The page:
When it comes to the home buying process, real estate agents are supposed to be your best allies. If you're attempting to make an offer on a home you can't afford, agents are there to show you more feasible options. If you consider skipping the home inspection to reach the closing table in a shorter time, the agent typically won't hesitate to give you a slap on the wrist.
You hire an agent with an expectation he or she will fulfill these and other duties, but there are some real estate professionals who don't perform as they should. There are various reasons home buyers dump agents, and you shouldn't feel bad if you have the same impulse. Agents who are inexperienced, deceptive, inattentive or too busy are all candidates for dismissal. Sometimes competence isn't an issue, but you have conflicting personalities.
While you may be ready to kick your agent to the curb, it isn't always easy to express your dissatisfaction. Like ending a romantic relationship, firing a real estate agent can be awkward experience - though you're less likely to have a drink thrown in your face.
Here are some tips for ending your relationship with an agent:
Have a talk with your agent
Before you prepare to crush a real estate professional's hopes of finding you the right home, schedule a meeting to discuss your grievances. There are many agents in the industry who do a poor job at catering to their clients, so you're not alone if you're having issues. A polite nudge and explanation of what you're seeking from the relationship may be all you need to get the partnership back on track.
Meeting with the agent also gives you time to assess how things have been going so far. Maybe you think there's an issue with responsiveness, but you didn't provide accurate times for when it's best to reach you by phone. Consider what steps you can take to improve the relationship in case you are equally responsible for the troubles.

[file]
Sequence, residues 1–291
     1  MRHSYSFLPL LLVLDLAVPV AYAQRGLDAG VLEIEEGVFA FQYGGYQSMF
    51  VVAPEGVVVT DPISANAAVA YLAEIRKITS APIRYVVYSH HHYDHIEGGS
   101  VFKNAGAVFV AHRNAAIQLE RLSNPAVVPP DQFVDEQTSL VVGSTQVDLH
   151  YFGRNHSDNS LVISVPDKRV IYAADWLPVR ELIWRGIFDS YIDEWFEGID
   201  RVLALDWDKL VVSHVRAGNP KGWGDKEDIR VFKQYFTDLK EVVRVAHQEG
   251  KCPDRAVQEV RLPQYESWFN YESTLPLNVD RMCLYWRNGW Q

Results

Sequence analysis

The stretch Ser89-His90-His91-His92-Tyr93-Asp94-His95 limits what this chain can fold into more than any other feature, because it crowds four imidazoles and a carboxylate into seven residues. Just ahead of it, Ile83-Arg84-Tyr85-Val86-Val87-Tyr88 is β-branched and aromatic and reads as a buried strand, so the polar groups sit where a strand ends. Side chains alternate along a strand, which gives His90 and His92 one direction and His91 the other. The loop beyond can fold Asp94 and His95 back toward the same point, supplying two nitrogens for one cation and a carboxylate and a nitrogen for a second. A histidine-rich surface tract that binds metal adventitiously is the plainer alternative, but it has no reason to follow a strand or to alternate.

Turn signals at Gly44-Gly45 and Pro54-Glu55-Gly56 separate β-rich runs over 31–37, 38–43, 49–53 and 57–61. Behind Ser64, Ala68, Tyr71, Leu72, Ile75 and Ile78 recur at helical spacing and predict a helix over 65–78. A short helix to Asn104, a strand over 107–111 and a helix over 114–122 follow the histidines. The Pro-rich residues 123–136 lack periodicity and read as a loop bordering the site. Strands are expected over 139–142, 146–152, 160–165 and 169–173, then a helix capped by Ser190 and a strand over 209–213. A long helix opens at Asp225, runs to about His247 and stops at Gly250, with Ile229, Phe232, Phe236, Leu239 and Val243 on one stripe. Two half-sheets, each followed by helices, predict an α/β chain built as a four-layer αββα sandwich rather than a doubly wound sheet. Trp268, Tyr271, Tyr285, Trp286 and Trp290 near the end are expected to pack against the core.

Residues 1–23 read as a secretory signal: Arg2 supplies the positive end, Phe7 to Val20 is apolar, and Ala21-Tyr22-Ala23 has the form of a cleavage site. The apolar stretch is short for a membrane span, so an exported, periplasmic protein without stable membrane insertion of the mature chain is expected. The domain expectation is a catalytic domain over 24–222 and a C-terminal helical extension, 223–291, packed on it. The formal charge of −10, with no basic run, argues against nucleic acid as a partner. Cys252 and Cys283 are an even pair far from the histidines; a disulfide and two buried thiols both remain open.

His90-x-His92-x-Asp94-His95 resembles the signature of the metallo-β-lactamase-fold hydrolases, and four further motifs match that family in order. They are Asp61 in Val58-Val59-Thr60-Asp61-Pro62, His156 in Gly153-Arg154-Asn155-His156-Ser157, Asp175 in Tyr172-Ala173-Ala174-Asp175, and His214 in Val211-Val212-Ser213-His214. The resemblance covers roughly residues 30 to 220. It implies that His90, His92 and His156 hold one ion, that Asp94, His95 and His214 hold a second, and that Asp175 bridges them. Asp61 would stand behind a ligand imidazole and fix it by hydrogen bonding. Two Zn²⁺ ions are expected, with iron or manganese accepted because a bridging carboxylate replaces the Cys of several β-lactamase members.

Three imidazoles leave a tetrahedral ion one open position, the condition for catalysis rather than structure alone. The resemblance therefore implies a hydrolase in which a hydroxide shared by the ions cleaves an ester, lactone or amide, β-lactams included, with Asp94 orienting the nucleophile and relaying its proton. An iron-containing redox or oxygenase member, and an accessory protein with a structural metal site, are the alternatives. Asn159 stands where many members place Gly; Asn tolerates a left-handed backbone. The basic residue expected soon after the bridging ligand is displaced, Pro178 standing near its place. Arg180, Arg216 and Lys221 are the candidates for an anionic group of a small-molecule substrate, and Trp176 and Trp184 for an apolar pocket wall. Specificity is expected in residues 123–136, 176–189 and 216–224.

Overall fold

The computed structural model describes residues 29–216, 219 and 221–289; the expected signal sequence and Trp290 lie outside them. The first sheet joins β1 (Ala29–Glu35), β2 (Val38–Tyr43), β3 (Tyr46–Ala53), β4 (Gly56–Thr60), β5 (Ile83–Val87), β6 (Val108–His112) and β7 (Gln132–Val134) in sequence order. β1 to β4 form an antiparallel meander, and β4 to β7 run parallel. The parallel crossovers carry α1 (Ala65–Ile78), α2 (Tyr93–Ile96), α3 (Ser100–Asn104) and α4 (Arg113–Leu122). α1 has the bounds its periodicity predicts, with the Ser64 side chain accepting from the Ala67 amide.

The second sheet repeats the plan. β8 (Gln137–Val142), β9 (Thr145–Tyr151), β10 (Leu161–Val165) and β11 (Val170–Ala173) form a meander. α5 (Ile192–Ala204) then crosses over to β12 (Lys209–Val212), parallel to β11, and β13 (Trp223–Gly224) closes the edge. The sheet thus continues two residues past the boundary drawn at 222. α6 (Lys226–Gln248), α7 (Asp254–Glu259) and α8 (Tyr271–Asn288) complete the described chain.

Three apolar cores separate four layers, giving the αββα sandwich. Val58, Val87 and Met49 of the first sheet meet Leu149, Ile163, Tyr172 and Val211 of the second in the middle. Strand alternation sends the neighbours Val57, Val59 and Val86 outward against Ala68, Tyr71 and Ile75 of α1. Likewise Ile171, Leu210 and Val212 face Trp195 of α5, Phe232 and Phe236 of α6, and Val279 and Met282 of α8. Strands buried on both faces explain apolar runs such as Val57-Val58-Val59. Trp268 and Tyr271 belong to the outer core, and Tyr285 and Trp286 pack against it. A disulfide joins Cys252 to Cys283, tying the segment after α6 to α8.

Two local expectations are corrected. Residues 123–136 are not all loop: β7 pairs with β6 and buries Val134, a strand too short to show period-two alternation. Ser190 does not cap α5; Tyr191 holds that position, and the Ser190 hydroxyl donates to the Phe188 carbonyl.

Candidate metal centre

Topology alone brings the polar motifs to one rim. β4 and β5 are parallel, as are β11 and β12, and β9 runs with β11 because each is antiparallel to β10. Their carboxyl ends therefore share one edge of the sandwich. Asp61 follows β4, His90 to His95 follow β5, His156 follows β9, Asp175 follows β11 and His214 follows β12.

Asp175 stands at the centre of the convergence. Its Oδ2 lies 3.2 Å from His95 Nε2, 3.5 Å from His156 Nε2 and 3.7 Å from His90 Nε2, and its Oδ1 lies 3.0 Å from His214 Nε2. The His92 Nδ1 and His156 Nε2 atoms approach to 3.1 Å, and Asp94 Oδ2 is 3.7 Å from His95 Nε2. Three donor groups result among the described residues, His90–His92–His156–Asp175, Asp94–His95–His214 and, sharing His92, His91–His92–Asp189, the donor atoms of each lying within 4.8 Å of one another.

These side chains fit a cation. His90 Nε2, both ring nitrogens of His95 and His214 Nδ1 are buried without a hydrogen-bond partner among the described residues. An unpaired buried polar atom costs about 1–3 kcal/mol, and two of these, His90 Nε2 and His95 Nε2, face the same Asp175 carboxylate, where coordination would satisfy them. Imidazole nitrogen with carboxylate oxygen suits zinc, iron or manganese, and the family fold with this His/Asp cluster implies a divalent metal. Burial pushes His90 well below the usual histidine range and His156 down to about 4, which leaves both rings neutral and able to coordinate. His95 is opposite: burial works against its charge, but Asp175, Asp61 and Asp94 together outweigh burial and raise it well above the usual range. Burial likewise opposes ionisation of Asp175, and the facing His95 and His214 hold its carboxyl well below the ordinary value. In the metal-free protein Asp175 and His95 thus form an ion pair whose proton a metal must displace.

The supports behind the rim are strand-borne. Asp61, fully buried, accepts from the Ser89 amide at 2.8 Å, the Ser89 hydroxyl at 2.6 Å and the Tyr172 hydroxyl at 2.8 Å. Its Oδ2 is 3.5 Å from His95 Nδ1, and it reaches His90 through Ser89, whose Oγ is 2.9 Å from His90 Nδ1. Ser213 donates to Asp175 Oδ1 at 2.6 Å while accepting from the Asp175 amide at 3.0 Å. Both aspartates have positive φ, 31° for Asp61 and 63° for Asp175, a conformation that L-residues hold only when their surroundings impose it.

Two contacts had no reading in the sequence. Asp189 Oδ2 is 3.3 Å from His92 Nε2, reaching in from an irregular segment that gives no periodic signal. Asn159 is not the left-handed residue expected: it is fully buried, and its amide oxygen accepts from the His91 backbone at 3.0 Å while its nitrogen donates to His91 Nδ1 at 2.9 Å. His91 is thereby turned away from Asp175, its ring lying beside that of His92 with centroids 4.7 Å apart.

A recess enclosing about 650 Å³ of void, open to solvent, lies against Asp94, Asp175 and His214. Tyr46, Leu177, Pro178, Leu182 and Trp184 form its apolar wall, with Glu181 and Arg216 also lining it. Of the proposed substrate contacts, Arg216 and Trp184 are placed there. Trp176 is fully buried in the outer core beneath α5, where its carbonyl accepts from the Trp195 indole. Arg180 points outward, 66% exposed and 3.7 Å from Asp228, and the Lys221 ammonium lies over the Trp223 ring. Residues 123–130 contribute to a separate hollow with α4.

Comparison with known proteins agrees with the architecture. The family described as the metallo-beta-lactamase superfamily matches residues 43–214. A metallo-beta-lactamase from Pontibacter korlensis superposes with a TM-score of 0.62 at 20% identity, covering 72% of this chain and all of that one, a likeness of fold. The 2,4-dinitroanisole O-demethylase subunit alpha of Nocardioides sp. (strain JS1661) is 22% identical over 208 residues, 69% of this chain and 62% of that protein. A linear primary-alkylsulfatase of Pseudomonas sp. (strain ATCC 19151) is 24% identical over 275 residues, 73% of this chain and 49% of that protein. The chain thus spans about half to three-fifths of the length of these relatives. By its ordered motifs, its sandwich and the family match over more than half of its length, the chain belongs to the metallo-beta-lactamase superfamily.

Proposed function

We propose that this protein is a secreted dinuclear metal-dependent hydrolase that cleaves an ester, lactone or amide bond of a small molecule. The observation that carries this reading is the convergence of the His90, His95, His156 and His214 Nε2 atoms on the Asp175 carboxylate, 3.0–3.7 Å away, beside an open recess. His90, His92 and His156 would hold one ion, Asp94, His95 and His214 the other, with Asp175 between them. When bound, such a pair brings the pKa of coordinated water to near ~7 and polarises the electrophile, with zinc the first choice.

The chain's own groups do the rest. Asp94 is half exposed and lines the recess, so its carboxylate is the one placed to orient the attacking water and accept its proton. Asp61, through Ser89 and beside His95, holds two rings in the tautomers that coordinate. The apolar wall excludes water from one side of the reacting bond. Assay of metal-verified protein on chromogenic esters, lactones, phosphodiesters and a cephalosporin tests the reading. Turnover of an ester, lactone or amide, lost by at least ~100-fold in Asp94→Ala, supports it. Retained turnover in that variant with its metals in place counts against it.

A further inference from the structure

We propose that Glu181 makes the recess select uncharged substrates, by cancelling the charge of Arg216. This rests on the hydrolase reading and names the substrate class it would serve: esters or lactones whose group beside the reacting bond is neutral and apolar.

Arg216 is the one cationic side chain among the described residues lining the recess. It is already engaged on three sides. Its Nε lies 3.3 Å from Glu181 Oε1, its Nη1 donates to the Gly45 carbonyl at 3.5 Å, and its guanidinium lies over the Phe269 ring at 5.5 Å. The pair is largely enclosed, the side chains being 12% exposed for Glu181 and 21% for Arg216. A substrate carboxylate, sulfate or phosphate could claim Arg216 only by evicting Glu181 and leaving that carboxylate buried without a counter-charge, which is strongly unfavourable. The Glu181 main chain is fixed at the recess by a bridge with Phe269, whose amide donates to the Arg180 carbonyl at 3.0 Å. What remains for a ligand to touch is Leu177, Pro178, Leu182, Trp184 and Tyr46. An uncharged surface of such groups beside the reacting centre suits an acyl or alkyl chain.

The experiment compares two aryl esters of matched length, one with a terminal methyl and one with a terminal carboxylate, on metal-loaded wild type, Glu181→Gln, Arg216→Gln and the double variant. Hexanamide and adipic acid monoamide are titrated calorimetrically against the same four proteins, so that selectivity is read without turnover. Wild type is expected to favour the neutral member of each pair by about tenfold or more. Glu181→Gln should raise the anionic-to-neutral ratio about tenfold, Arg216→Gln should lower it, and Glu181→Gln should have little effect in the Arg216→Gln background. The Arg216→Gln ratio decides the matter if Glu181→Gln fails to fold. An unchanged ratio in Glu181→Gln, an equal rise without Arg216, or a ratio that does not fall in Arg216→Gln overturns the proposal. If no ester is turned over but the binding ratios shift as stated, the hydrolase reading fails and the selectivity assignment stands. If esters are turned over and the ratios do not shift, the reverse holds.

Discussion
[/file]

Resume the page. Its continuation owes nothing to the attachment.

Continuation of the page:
Get everything in writing
If you decide that you can't stand to work with your agent for even another day, it's time to terminate the partnership. However, don't meet at the local ice cream shop and give the "It's not you, it's me" speech. Write up a typed notification that includes the date and submit it to your agent's office. Be sure to list your reasons for wanting to end the relationship.
Not only does written notification appear more professional given the type of partnership, but it can also be useful for determining liability in the event there is a dispute regarding unpaid commission. For an extra layer of protection, consider mailing a copy of the letter to yourself so it's postmarked.
Review clauses in the contract
If you're under contract when working with an agent, you have more to think about than whether you're letting him or her down hard. The document may contain certain clauses that prevent you from terminating the relationship. Additionally, you may be allowed to dump your agent but have to pay a substantial fee.
After the relationship has ended, be careful when working with another agent. If your new real estate professional helps you place an offer on a property that you made a bid for with the previous agent, the latter may be entitled to a cut of the commission on the sale.
In some cases, you can show the agent's brokerage he or she isn't keeping your best interests in mind. However, there's no guarantee you'll be able to breach the contract.